To mark World Consumer Day, it should be emphasised that over the past year, a number of significant changes have been adopted and entered into force in Latvia to strengthen consumer protection in Latvia.

The most significant new developments in consumer protection are the amendments to the Consumer Rights Law approved by the Saeima last September and the amendments to the Civil Procedure Law introducing a new procedural mechanism for consumer class actions in Latvia.

Globalisation and digitalisation have increased the possibility that the same infringement by a manufacturer, seller or service provider may cause harm to a large number of consumers.

Class actions mean that consumers who are harmed by an infringement will not have to take individual action in court, but will be able to bring a class action on behalf of consumers through a qualified body - a consumer association - which will be granted the status of qualified body.

To date, the Consumer Rights Protection Centre has received one application for Qualified Body status.

To protect consumers, a qualified body will be able to both apply to the supervisory and control body for the prevention of infringements and to bring a consumer class action in court. Collective actions can be brought for infringements in a wide range of sectors, including for example financial services, data protection, travel and tourism, energy or telecommunications - as far as consumer protection is concerned.

The qualified body will inform consumers about the possibility of applying for a collective action in order to reach as many consumers affected by the infringement as possible. When applying for a collective action, the consumer will have to give his/her consent to the qualified body to represent him/her, state his/her claim and submit documents supporting the claim. After collecting the consumer applications, the qualified body will approach the trader with a claim for compensation for the damage caused to consumers. The trader will have 14 days to assess the application from the qualified body, settle the claim in full or offer to enter into an agreement. If the parties fail to reach an agreement, the qualified body will apply to the courts.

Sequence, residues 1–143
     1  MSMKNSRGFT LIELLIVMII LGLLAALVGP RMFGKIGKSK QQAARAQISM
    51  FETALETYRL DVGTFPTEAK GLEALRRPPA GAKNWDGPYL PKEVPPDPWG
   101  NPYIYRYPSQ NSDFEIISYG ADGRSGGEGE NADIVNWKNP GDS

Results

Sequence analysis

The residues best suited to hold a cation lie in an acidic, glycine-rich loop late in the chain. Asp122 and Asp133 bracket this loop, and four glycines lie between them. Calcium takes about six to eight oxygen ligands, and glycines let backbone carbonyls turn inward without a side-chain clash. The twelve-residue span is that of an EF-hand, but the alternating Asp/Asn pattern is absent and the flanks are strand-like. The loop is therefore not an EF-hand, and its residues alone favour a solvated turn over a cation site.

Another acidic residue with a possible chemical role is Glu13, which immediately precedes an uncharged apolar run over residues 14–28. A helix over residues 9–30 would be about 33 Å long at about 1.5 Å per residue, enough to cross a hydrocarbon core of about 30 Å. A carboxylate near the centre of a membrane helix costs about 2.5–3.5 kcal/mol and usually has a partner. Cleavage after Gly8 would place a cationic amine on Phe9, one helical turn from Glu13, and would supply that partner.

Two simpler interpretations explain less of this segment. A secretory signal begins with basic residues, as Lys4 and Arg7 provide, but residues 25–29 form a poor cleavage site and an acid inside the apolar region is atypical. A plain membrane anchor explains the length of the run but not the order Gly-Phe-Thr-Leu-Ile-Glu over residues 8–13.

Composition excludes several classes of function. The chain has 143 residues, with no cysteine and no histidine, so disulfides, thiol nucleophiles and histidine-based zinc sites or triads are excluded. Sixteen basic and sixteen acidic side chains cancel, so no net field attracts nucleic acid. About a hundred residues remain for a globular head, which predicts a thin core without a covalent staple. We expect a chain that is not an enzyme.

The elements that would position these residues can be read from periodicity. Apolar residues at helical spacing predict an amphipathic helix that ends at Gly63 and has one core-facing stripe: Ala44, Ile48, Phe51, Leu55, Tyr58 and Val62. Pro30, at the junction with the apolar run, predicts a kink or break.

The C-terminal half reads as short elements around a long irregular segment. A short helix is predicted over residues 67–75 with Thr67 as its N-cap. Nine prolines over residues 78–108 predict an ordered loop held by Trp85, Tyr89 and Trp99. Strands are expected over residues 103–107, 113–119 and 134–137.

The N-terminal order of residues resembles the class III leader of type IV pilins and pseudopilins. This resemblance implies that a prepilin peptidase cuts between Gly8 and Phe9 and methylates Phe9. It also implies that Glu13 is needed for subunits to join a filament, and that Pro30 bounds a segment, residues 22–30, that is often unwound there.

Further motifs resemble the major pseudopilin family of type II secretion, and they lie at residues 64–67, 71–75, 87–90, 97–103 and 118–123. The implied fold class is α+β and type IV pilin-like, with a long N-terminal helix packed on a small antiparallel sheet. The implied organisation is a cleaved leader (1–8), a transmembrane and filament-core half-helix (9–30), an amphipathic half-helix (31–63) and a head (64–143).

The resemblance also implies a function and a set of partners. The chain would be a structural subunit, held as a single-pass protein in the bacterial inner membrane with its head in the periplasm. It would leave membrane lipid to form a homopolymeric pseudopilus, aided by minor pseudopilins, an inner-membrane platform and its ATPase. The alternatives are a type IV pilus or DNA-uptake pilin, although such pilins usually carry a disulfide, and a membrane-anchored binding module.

The qualified body will be able to apply to the courts if the following conditions are met:

  • there are at least five consumers in the consumer class action;
  • the consumer claims are against the same defendant or defendants;
  • the consumer claims are based on the same or similar factual and legal circumstances.

Class actions are a new category of court cases for which a different procedural mechanism is foreseen.

Consequently, a new Chapter 30.9 has been added to the Civil Procedure Law, which provides for exceptions to the general procedure to be taken into account when dealing with cases arising from consumer class actions.
In order to ensure that the costs of litigation related to consumer class actions do not prevent qualified institutions from effectively exercising their rights, qualified institutions are exempted from paying court costs. This requirement is included in view of the fact that consumer class actions are brought in the public interest, i.e. they protect the collective interests of consumers and the activities of qualified entities are of a non-profit nature.

At the same time, other important changes in consumer protection adopted in the last year should be noted.

In order to facilitate consumers' ability to remortgage, to promote competition among credit providers, to develop credit institutions' solutions for mortgage borrowers and to reduce high mortgage rates, amendments to four laws - the Consumer Rights Protection Law, the Credit Institutions Law, the Notarial Law and the Insurance Contract Law - were adopted at the beginning of this year. These amendments reduce existing barriers to faster and cheaper re-crediting, making the re-crediting process significantly easier for consumers.

The amendments to the Competition Law also provide that the Competition Council will monitor the implementation of the Digital Markets Act in Latvia and support the European Commission in its investigative activities. The Digital Markets Act aims to ensure a level playing field for companies operating in the digital environment.

However, until the Information Society Services Act is amended, the Consumer Rights Protection Centre will act as the Digital Agenda Monitor in Latvia. The Digital Services Act is the first piece of legislation of its kind in the world, aimed at making the online (internet) environment safer, more predictable and more trustworthy for all its users.